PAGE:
function add(y) {
return y + x;
};
return add;
}

The reference to the inner add(..) function that gets returned with each call to the outer makeAdder(..) is able to remember whatever x value was passed in to makeAdder(..).

this Identifier

Another very commonly misunderstood concept in JavaScript is the this identifier. Again, there's a couple of chapters on it in the title of this series, so here we'll just briefly introduce the concept.

While it may often seem that this is related to "object-oriented patterns," in JS this is a different mechanism.

If a function has a this reference inside it, that this reference usually points to an object. But which object it points to depends on how the function was called.

It’s important to realize that this refer to the function itself, as is the most common misconception.

Here’s a quick illustration:

function foo() {
console.log( this.bar );
}
var bar = “global”;var obj1 = {
bar: “obj1”,
foo: foo
};
var obj2 = {
bar: “obj2”
};
// — — — — foo(); // “global”
obj1.foo(); // “obj1”
foo.call( obj2 ); // “obj2”
new foo(); // undefined

There are four rules for how this gets set, and they're shown in those last four lines of that snippet.

  1. foo() ends up setting this to the global object in non-strict mode -- in strict mode, this would be undefined and you'd get an error in accessing the bar property -- so "global" is the value found for this.bar.
  2. obj1.foo() sets this to the obj1 object.
  3. foo.call(obj2) sets this to the obj2 object.
  4. new foo() sets this to a brand new empty object.

Bottom line: to understand what this points to, you have to examine how the function in question was called. It will be one of those four ways just shown, and that will then answer what this is.

Prototypes

When you reference a property on an object, if that property doesn’t exist, JavaScript will automatically use that object’s internal prototype reference to find another object to look for the property on. You could think of this almost as a fallback if the property is missing.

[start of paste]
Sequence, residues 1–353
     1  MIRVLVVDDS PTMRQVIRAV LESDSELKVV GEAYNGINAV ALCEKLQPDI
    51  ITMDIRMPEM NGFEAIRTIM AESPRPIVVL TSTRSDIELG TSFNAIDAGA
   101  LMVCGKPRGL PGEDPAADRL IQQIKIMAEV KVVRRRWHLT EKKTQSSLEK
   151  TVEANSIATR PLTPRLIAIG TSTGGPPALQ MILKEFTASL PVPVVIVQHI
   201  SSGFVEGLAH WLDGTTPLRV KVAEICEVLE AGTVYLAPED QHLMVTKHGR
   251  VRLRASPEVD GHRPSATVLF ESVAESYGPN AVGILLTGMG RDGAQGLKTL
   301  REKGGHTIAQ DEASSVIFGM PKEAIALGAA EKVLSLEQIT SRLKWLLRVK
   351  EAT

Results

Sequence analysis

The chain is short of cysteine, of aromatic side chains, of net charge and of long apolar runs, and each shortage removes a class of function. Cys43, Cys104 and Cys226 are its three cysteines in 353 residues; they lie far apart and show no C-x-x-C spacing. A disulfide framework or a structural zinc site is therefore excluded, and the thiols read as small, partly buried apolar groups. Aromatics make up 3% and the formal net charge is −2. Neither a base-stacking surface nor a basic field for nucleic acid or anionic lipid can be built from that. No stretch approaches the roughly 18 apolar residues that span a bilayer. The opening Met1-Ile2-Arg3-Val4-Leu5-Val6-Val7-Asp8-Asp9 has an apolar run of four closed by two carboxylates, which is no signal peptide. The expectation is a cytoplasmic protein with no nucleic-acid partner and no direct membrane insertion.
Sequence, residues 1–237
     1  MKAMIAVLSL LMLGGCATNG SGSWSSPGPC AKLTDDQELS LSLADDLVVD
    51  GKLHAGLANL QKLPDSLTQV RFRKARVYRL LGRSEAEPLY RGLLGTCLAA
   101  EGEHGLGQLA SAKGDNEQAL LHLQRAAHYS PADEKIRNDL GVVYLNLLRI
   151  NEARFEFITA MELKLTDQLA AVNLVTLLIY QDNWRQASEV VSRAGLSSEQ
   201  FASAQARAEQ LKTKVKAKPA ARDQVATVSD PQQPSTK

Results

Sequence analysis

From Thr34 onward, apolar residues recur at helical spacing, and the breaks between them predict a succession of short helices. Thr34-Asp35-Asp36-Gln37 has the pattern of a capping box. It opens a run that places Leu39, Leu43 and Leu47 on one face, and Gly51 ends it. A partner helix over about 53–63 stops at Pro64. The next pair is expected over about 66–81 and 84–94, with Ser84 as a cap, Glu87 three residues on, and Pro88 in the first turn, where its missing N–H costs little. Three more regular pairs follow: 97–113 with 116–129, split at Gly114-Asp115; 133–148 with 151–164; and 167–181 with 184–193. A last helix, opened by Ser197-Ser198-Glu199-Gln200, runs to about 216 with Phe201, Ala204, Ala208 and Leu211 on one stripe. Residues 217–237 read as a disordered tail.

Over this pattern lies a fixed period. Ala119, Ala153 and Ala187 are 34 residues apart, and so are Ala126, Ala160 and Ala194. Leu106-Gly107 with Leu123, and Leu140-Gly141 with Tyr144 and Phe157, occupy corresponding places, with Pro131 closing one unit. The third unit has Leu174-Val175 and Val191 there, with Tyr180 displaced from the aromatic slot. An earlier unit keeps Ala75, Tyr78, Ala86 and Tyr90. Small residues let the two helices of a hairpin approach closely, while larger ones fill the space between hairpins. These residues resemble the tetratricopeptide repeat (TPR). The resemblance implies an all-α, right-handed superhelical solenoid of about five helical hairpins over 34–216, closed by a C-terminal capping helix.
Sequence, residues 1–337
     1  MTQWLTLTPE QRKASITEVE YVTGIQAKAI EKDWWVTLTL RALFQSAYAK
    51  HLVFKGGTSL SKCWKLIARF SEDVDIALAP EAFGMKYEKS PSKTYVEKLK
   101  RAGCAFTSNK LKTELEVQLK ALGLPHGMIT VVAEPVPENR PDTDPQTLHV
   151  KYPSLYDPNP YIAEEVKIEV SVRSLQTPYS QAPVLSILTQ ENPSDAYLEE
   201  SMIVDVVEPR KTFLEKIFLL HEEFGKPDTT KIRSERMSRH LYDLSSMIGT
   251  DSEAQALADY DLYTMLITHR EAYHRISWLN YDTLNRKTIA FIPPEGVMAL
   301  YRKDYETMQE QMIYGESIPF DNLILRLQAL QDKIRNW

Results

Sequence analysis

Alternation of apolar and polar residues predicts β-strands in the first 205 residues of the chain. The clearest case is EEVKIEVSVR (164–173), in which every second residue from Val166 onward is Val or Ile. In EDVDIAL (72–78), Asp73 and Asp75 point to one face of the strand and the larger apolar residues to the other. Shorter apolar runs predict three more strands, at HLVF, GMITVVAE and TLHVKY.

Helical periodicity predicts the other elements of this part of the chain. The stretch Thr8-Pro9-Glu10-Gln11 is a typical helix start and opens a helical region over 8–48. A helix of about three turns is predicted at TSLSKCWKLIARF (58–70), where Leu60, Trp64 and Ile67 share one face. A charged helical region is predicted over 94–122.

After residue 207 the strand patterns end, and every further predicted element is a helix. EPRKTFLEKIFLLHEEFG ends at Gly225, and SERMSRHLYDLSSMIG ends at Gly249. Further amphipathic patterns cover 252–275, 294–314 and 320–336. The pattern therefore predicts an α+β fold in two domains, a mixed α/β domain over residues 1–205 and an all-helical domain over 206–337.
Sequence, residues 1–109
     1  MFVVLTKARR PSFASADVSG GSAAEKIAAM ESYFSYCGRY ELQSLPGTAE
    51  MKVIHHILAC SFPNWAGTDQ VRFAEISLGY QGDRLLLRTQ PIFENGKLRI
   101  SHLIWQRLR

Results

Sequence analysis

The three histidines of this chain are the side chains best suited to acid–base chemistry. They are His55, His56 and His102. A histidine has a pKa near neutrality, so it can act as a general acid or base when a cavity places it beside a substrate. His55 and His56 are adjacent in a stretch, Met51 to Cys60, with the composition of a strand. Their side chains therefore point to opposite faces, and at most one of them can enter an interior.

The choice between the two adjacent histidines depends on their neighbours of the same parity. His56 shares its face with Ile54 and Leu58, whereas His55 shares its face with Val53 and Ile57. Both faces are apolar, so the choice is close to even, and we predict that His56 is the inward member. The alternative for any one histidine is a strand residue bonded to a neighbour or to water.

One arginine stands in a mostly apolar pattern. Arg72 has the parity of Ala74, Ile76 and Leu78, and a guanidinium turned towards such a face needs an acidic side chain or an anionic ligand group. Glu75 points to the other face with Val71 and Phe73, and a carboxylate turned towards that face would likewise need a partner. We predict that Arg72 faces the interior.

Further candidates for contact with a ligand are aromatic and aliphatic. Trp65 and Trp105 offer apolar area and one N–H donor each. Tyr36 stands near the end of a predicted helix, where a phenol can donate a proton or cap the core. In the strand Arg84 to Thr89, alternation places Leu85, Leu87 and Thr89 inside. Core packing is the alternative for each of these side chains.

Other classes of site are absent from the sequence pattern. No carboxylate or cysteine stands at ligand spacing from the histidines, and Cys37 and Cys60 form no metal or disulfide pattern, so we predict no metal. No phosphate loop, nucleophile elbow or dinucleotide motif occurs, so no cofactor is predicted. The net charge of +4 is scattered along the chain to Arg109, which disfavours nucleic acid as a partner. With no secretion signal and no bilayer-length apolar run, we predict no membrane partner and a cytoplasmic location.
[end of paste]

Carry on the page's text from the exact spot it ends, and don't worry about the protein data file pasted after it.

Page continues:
The internal prototype reference linkage from one object to its fallback happens at the time the object is created. The simplest way to illustrate it is with a built-in utility called Object.create(..).

Consider:

var foo = {
a: 42
};
// create `bar` and link it to `foo`
var bar = Object.create( foo );
bar.b = "hello world";bar.b; // "hello world"
bar.a; // 42 <-- delegated to `foo`

The a property doesn't actually exist on the bar object, but because bar is prototype-linked to foo, JavaScript automatically falls back to looking for a on the foo object, where it's found.

This linkage may seem like a strange feature of the language. The most common way this feature is used — and I would argue, abused — is to try to emulate/fake a “class” mechanism with “inheritance.”

But a more natural way of applying prototypes is a pattern called “behavior delegation,” where you intentionally design your linked objects to be able to from one to the other for parts of the needed behavior.

Non-JavaScript

So far, the only things we’ve covered are in the JS language itself. The reality is that most JS is written to run in and interact with environments like browsers. A good chunk of the stuff that you write in your code is, strictly speaking, not directly controlled by JavaScript. That probably sounds a little strange.

The most common non-JavaScript JavaScript you’ll encounter is the DOM API. For example:

var el = document.getElementById( "foo" );

The document variable exists as a global variable when your code is running in a browser. It's not provided by the JS engine, nor is it particularly controlled by the JavaScript specification. It takes the form of something that looks an awful lot like a normal JS object, but it's not really exactly that. It's a special object, often called a "host object."

Moreover, the getElementById(..) method on document looks like a normal JS function, but it's just a thinly exposed interface to a built-in method provided by the DOM from your browser. In some (newer-generation) browsers, this layer may also be in JS, but traditionally the DOM and its behavior are implemented in something more like C/C++.

Another example is input/output (I/O).

Everyone’s favorite alert(..) pops up a message box in the user's browser window. alert(..) is provided to your JS program by the browser, not by the JS engine itself. The call you make sends the message to the browser internals and it handles drawing and displaying the message box.

The same goes with console.log(..); your browser provides such mechanisms and hooks them up to the developer tools.

That’s all folks for today, Very soon I will be writing another blog for the next book in the series i.e. .
Open to feedback and comments if I missed any concept which was covered in this book.

🙏 Credit:

Sr. Software Engineer @globant 💻 | Open source enthusiast @opendevs 🚀 | I code UI<React>@globant ⚔️